Wow, this freestyle swimming is pretty hard! I'm pretty good with breaststroke and confident in water, but have never really bothered to learn freestyle. Now I figured out might be the time to try triathlon, so I ventured out to try freestyle today.
I have to say I felt I floated like a brick :D Wasn't able to relax at all, breathing didn't feel natural, stroke was underpowered and my legs were all over the place.. I managed to do some 25's and even a couple of 50's by the end, but after 30 minutes I was totally wasted. So yeah, seems to take a bit of training to get used to it. On the positive side, at least there's a potential for shaving plenty of seconds off my 100's! Need to get a timer watch to take with me, next time..
An old thread, but stickied, so I'll use it for my first post...!
A couple of things that have been mentioned, that I agree with: (freestyle)
--swimming is in the arms
--kicking (tho certainly helpful) is not the main part of it
--rotating on your lengthwise axis is very effective (think propeller, or windmill)
(and this is part of a relaxed stroke (and someone mentioned relaxing))
--reach out in front of you as far as you can on each stroke
(glide a tad while reaching)
--follow thru all the way, don't stop your stroke until your arm is fully extended at your leg
(the very last part of follow-thru is what a lot of people miss)
--think of the water as a solid, rather than a liquid
(on each stroke try to grab and hold onto as much water as you can, and don't let it slip away, e.g., by sliding your hand around during your stroke)
Comments that I don't understand are those mentioning the hairline as being frontwards or on the waterline.... In my case, when I swim, the very top of my head is pointed at the approaching end of the pool, and it still does when I rotate to take a breath.
Tho I can, I don't do flip turns. Reason = I want an extra breath at each end. No, I don't pause (except for that breath), but for people here who might feel winded quickly, skip the flip turns and grab some extra air! :)
I'm not a tri person, but I cycle and swim a lot. I don't jog, and certainly never run, tho I do walk a lot with our dog (weather-permitting). I'm 61.
Swimming: Tho fins and pull buoys were mentioned, I'm a little surprised that there's been no mention of hand equipment. Tho I'm neither a swimming teacher nor an expert swimmer, there are different kinds of paddles and gloves that may help either beginners or swimmers in training.
I swim almost exclusively with full fingered Body Glove paddle gloves <<an easy google, tho there are many alternatives. Something like this could help a weak/beginning swimmer feel more powerful, and, if I read the literature right, can make make an experienced swimmer's training more useful (making it more of a resistance training in a shorter time, and less aerobic). Again, I'm not an expert, nor even an amateur trainer, so YMMV.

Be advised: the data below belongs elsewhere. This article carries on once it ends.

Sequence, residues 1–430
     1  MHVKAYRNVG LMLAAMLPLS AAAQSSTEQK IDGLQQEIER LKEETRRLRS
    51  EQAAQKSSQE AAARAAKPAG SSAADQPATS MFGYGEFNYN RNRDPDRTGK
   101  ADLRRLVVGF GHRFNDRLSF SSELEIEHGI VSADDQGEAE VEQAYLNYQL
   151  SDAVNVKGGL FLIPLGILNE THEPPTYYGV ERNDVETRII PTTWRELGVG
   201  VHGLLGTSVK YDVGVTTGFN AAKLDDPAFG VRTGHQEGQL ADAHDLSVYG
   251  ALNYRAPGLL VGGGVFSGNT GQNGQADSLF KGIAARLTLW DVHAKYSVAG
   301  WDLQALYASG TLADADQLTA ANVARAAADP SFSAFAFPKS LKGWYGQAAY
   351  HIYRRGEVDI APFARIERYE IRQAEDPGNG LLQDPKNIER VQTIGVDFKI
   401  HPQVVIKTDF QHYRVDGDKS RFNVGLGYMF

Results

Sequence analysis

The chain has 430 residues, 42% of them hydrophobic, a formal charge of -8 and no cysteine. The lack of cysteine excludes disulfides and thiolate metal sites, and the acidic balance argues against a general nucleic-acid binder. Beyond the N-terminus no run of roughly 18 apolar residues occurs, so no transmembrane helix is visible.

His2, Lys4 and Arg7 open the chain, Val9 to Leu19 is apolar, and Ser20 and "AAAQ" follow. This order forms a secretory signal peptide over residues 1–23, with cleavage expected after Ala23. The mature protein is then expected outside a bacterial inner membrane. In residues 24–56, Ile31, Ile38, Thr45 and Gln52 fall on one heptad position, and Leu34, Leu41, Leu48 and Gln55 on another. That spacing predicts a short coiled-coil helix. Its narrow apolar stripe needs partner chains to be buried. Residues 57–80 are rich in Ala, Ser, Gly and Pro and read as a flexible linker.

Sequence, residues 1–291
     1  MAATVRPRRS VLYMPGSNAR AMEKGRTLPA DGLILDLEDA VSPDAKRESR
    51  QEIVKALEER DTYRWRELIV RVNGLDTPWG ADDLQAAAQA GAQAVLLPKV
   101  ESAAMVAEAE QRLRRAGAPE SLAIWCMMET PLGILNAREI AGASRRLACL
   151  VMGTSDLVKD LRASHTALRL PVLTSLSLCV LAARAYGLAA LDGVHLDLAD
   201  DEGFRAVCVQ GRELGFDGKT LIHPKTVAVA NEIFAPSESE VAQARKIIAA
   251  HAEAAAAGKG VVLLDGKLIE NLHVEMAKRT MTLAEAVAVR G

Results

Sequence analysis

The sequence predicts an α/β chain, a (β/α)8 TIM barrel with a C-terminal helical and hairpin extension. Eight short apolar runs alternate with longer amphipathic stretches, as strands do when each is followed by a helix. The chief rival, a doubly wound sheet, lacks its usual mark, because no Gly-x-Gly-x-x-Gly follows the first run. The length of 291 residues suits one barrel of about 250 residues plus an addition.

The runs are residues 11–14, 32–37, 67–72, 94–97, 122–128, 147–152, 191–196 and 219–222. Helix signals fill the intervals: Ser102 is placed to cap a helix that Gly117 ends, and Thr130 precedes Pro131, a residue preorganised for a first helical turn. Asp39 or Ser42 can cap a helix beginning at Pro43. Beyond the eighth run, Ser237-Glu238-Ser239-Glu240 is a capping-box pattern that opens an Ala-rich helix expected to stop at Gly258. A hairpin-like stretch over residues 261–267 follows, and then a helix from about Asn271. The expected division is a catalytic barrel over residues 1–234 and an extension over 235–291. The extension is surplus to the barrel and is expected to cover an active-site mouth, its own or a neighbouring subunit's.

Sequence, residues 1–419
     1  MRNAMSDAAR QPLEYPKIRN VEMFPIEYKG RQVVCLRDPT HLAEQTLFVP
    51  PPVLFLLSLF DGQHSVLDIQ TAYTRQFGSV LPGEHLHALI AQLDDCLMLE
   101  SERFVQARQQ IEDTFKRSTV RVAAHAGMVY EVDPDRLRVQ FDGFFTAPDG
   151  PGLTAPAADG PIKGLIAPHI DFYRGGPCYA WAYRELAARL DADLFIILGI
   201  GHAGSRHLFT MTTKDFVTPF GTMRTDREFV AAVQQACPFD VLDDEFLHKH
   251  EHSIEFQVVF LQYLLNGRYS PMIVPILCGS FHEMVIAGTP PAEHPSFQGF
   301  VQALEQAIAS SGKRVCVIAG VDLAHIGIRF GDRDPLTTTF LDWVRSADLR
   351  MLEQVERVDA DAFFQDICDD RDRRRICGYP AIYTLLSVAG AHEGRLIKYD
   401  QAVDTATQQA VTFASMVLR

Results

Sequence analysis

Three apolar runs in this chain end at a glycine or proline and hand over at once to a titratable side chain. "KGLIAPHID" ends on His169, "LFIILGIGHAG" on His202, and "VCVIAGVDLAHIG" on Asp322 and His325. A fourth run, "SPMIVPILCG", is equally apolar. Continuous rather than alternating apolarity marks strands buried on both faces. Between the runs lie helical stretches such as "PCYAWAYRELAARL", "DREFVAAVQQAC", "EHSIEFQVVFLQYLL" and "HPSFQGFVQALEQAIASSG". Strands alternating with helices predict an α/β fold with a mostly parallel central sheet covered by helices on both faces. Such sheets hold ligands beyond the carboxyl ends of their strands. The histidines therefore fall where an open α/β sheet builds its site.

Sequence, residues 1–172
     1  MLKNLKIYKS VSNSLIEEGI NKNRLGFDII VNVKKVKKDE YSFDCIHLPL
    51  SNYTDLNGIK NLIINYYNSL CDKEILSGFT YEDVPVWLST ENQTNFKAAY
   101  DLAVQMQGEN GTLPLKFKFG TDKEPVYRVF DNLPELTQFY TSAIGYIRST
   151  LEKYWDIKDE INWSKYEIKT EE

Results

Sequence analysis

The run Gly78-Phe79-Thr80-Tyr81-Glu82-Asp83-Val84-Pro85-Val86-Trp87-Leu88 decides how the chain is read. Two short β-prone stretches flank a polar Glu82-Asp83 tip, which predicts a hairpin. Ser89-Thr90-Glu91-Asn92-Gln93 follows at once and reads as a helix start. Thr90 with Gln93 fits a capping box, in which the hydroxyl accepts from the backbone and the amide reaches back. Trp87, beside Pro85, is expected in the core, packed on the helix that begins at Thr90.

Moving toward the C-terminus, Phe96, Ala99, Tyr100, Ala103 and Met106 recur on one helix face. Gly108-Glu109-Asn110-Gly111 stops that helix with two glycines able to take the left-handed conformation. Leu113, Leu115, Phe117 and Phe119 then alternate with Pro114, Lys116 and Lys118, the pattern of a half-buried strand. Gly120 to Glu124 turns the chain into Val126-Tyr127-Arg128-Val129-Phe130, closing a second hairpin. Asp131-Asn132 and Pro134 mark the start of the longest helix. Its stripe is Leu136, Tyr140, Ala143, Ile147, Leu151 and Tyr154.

Second, in addition to the gloves, I swim almost exclusively with two pull buoys between my legs. And I never kick. Just toes pointed, and lower legs crossed.
Weird, huh? And in spite of all that, I'm still offering advice here! :rolleyes: :)
But it works. I usually do 40 or 50 laps, occasionally 60. 25m pool, no breaks. Depending on all the things that things usually depend on, my lap times start at 54 sec., quickly drop to 55, and on a good day I can hold 56 till the end.
Looks like no one is posting here but just in case...
Anyone else sink? Everywhere online you see people who say their legs sink (No kidding, but they are attached to the rest of you haha). Or people who are "nervous" about water. There is advice everywhere proclaiming all you have to do is take a breath and float. All that is useless if you actually DO sink. On a lungful of air.
I've been swimming for a year now, on my own, with the college tri club, and with the local masters club. Still, almost all my energy is spent to keep myself within a few inches of the surface so I can rotate (and push up a little) and find some air. So question:
If you actually sink, and thus swim 100% submerged except for the arms recovering, how can you get air without breaking the streamline??
Try a pull buoy, maybe two...?
Originally Posted by kanazawajohn
We are going to do video series about technique for triathlon.
I wish it could help you.
This is our first chapter.
VIDEO: FREESTYLE SWIMMING TECHNIQUE #1 (Arms underwaters)